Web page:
Alfred George Easdell

Alfred George Easdell was born during the summer of 1890 in Ardleigh, the son of James and Lydia Easdell.  James was an Agricultural Labourer born in Ardleigh who married Lydia Simmons (originally from Chislehurst in Kent) in 1882 or 1883. The Easdell family lived at Park Corner in Ardleigh before moving to Meadow Cottage in Little Bromley at some point between 1901 and 1903. 

Alfred joined the Army as a Regular prior to April 1911.  In fact, the Census taken at that date shows him not only as a Gunner in the Royal Field Artillery, but also as a patient at a Military Hospital near Portsmouth.

Alfred had twelve siblings, one of which - his elder brother Arthur - had joined the Royal Field Artillery (RFA) a short time before him.  It may have been this that prompted Alfred to select that same regiment when he enlisted.  For some unknown reason, both brothers joined up using the surname of Esdell, and not Easdell.

Alfred disembarked in France at the port of Le Havre on 6th November 1914, as part of the 45th Brigade, RFA.  Nine days after entering France they were in action, south of the town of Armentieres.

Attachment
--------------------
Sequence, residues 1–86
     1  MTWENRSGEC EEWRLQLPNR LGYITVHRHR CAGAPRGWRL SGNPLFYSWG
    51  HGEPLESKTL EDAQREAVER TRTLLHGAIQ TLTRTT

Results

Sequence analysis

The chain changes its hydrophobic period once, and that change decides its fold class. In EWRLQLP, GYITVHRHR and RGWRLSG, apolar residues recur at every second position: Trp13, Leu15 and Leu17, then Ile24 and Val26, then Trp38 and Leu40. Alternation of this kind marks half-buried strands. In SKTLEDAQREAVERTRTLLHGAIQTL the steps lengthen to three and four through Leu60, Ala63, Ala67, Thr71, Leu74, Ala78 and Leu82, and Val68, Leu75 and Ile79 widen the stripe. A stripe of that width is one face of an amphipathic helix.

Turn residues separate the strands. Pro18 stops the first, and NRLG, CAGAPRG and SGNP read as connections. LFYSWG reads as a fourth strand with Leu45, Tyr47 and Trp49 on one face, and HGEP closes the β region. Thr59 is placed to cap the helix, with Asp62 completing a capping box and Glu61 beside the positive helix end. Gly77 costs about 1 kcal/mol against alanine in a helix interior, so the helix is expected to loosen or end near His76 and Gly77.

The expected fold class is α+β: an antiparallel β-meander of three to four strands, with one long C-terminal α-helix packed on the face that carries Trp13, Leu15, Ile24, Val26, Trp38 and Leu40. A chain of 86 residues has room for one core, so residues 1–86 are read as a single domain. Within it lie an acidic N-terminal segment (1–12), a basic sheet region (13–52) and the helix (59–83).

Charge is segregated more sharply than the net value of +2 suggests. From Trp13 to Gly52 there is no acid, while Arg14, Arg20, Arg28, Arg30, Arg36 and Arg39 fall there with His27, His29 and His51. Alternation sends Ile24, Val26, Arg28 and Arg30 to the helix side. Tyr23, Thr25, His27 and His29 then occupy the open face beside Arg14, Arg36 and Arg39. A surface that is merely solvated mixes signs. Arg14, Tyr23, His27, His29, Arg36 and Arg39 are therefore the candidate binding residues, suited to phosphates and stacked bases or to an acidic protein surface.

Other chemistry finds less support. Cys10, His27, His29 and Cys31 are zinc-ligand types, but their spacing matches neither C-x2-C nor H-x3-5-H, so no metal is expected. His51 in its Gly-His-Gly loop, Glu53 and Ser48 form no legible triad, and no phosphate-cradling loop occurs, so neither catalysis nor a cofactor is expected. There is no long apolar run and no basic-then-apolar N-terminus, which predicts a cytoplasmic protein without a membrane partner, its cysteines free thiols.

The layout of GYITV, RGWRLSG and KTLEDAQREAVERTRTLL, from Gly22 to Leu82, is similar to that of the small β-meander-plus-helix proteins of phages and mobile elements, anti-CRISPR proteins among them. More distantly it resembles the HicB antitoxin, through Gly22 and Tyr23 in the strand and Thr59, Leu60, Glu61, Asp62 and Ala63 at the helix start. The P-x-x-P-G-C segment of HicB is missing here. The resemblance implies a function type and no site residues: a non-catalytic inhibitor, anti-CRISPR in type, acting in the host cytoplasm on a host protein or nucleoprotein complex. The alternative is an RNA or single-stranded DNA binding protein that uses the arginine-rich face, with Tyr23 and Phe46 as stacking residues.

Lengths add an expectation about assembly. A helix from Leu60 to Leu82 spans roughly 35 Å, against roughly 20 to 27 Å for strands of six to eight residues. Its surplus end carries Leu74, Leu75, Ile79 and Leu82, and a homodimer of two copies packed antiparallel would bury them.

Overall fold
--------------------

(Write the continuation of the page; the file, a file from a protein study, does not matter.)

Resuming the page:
In the next two years, the Brigade saw action at various locations on the Western Front, including involvement in the battles of Neuve Chapelle, Aubers Ridge, and the early stages of the Battle of the Somme. 

They returned to the Somme at the end of October 1916, in the later stages of the Battle.  By this time Alfred was serving as a Corporal in the Brigade’s 1st Battery: A Battery at full strength being made up of six guns, and approximately 200 men.   

The 1st Battery were positioned approximately midway between the villages of Ginchy and Morval, from where their 18 pounder guns could support the infantry in the front line, less than two miles away.    

Alfred was killed in action on 21st November 1916, two days after the official end of the Battle of the Somme.  The Unit’s War Diary for that day simply states “Quiet Day.  Enemy artillery inactive.  Casualties - 1st Battery: 1 Corporal and 1 Gunner killed.  2 horses killed.” 

Alfred Easdell was 26 years old.  He is commemorated on Face A of Pier 1 on the Thiepval Memorial to the Missing of the Somme.   

Peter Herring tells me that Meadow Cottage was on the Little Bromley side of the Brook in Barlon Road. George Notley and his sister lived there and their father worked at Little Bromley Hall, so the Easdells probably did as well. The cottage was later demolished and there is a new house there. If you have contact with any of the Notley family I would be glad to hear. Hugh Frostick.